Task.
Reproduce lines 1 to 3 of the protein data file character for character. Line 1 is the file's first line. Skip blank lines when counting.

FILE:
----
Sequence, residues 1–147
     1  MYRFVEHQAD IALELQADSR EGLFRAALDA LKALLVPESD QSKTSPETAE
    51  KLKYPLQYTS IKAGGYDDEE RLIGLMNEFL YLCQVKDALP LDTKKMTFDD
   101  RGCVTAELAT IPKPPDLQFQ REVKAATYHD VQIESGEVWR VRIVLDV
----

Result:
Sequence, residues 1–147
     1  MYRFVEHQAD IALELQADSR EGLFRAALDA LKALLVPESD QSKTSPETAE
    51  KLKYPLQYTS IKAGGYDDEE RLIGLMNEFL YLCQVKDALP LDTKKMTFDD